TSQ: I think violence is somehow fundamentally about confronting the body with it’s own materiality, however I think it’s interesting that violence comes across at all. After all it’s only a single sheet of PVC plastic that has been burned. But through memory associations we relate the plastic to bodies and people that have been materially compromised in some way. I think that tenuous connection from concrete to abstract thinking is fundamental to the way art is processed.
But coming back to what Michael was saying about determinism and causality. One thing I think should be pointed out is that determinism does not preclude free will. In fact completely causal systems whose complexity passes a certain and (low) threshold will behave in ways that cannot in principle be predicted nor computed. Yet these same unpredictable complex systems (which most systems found in the real world are) are still highly structured displaying deep and elegant patterning. Just think of the patterns exhibited in plants and animals (which happened to be the last subject of study of the brilliant Alan Turing before he was driven to suicide for being homosexual in 1950’s Britain). This simple fact about causality leaves plenty of room for free will, which itself is an emergent adaptation of life. It is why nature is so beautifully patterned yet inherently unpredictable.
PL: I think it’s interesting that you guys have touched on the symbolic potential of violence – violence as association, as material, that is, as a sign. In a way, this is a theme that’s linked very closely to evolution. “Violent” objects – whether artworks or artifacts from nature – might seem marked as falling on either end of the same temporal spectrum. I mean simply that there’s a weird temporality implicit in this scheme. Take something like a warning sign: it points forward (if you do X, Y will happen), proleptically; whereas something like a broken windshield points backward (analeptically, X has occurred). Maybe these serve specific functions on the evolutionary scheme: the horns of certain animals – surely as symbolic as they are functional – vs. the ritual stigmatization of objects of violence (the “spoils” of war). Beware the horn for what could happen; avoid the spoils because they already are stigmatized.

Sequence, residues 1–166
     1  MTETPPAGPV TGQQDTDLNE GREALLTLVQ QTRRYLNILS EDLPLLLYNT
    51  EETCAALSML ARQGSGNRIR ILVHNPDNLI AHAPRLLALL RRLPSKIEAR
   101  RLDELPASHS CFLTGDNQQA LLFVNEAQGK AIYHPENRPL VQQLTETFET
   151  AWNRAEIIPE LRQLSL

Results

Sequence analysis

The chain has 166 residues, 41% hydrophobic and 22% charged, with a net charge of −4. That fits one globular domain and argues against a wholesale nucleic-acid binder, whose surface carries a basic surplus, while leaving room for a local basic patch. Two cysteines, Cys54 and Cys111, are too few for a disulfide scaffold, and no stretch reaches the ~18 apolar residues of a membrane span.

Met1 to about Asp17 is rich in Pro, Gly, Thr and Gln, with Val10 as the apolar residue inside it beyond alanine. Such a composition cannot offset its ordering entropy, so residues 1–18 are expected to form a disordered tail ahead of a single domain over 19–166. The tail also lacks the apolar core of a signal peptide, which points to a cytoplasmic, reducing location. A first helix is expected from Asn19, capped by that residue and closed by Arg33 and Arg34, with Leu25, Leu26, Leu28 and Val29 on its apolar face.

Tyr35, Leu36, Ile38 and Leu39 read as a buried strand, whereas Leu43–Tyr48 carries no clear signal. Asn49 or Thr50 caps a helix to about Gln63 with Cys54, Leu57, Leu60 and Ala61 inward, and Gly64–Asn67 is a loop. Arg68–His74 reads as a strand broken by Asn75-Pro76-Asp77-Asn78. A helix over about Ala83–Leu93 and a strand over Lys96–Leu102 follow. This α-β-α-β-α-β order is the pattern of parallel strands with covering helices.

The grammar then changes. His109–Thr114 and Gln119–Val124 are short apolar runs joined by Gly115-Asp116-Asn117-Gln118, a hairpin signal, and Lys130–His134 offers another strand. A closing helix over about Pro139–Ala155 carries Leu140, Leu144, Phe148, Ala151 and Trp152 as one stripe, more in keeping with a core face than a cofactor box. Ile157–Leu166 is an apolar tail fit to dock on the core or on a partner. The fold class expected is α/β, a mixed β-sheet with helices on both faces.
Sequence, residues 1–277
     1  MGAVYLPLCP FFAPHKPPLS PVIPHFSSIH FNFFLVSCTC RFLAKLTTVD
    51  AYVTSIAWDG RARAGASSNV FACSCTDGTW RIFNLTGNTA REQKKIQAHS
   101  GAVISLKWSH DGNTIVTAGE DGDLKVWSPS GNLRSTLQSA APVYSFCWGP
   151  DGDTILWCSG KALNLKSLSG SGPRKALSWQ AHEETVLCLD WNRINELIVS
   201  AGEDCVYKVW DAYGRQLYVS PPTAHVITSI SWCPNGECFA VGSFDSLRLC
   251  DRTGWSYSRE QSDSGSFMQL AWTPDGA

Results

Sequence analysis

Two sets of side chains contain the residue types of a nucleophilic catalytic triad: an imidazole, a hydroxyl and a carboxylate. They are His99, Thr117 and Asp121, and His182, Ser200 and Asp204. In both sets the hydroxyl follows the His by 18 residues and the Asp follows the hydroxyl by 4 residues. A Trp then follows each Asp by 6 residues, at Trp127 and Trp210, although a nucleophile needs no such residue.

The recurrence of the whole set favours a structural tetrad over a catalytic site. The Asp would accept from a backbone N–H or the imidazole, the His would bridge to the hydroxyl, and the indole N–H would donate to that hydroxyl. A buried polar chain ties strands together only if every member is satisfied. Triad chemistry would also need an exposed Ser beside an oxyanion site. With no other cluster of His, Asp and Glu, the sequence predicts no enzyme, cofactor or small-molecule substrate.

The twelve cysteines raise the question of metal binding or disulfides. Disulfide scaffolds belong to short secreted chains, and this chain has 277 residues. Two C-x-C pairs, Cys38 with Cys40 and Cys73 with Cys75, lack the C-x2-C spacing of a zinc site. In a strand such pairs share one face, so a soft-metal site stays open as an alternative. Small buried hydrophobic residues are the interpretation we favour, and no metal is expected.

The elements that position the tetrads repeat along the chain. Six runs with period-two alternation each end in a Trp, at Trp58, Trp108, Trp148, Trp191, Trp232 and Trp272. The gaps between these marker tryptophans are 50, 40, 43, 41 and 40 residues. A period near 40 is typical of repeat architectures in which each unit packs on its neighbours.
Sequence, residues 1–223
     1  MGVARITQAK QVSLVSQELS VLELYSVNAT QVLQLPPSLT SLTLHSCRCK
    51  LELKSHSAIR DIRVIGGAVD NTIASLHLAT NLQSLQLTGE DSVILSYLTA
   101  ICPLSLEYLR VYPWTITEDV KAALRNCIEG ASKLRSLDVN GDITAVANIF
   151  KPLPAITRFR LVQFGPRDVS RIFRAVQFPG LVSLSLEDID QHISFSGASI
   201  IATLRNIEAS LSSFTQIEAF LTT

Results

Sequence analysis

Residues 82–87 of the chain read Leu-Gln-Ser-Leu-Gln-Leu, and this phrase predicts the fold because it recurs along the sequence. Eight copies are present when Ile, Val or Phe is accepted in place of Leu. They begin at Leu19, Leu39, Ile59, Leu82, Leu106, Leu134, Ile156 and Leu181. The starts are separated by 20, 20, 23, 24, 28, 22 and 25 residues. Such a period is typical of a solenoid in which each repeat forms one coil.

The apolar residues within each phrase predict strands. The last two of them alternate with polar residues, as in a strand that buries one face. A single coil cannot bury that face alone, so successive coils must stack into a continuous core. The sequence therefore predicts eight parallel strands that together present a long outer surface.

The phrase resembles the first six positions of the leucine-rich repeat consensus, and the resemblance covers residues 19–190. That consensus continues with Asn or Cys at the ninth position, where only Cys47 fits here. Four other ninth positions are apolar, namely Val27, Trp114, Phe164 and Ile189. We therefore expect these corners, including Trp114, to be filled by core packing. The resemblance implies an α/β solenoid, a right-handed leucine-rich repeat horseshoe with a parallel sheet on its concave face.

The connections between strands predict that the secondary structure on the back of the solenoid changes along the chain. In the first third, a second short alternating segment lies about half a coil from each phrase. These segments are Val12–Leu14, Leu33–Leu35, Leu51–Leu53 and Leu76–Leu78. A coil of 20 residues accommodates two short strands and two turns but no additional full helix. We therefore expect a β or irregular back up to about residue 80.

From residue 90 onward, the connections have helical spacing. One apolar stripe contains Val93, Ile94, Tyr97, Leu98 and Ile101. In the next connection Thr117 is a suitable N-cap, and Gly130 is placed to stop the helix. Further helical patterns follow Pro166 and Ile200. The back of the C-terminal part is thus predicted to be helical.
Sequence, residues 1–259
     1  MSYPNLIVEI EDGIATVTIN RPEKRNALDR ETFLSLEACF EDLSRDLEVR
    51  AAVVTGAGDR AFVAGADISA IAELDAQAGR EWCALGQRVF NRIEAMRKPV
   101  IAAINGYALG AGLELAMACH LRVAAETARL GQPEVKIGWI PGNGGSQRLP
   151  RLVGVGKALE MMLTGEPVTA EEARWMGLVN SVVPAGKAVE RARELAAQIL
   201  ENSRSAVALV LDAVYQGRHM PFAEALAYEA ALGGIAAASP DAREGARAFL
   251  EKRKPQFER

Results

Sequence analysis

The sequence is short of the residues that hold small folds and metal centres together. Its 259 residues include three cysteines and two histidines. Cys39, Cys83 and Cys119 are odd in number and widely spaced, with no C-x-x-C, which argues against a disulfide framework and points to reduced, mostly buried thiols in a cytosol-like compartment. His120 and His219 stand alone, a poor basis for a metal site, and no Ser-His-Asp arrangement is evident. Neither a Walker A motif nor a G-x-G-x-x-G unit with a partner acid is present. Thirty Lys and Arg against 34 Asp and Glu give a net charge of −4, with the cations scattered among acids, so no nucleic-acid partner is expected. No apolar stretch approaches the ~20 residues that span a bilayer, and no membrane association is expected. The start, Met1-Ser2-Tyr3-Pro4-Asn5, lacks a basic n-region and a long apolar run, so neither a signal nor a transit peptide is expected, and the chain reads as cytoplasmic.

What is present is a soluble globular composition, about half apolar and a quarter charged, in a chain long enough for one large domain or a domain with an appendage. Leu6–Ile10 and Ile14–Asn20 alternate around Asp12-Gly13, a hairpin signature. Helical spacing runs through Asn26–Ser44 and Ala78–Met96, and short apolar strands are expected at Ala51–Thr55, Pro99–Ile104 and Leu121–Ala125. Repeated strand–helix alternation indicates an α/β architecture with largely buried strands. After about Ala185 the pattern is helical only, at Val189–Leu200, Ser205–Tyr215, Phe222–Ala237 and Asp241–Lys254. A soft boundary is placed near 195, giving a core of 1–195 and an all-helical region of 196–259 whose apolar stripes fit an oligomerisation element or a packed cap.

I would argue that there’s not only a temporal split here, but also a subject/object split: the subject of violence points forward, into the future, whereas the object of violence points backward, into the past, as victim. Clearly there’s a certain tribalism/primitivism in these dichotomies. Some of this might seem ‘problematic’, dualistic. I still think it’s worth it to explore. I still maintain that our choice of examples is slightly humorous.
Maybe primitivism is the dark side of any scheme that relies on evolution. Maybe a ‘lighter’ side is how this relates to anthropology. One might see evolutionary schemes as much in something as benign as table manners as in the typology of warfares.
TSL: Can you clarify how subject/object and future/past implies primitivism?
PL: It might not: I just think it’s interesting that the setting for our discussion is a kind of primitivist landscape, with its talks of violence, evolution, and nature. There’s an interesting legacy of artists adopting primitivist frameworks, and I’m interested in pressing you guys on this a bit. It’s not necessarily the dualities (subject, object, future, past) that imply primitivism, it’s the color of our metaphors, the language with which we approach the works. One might also say that it’s not strictly a regressive primitivism, but the temporality is split: it’s a primitivism that implies the future as well as the past, a kind of techno-primitivism.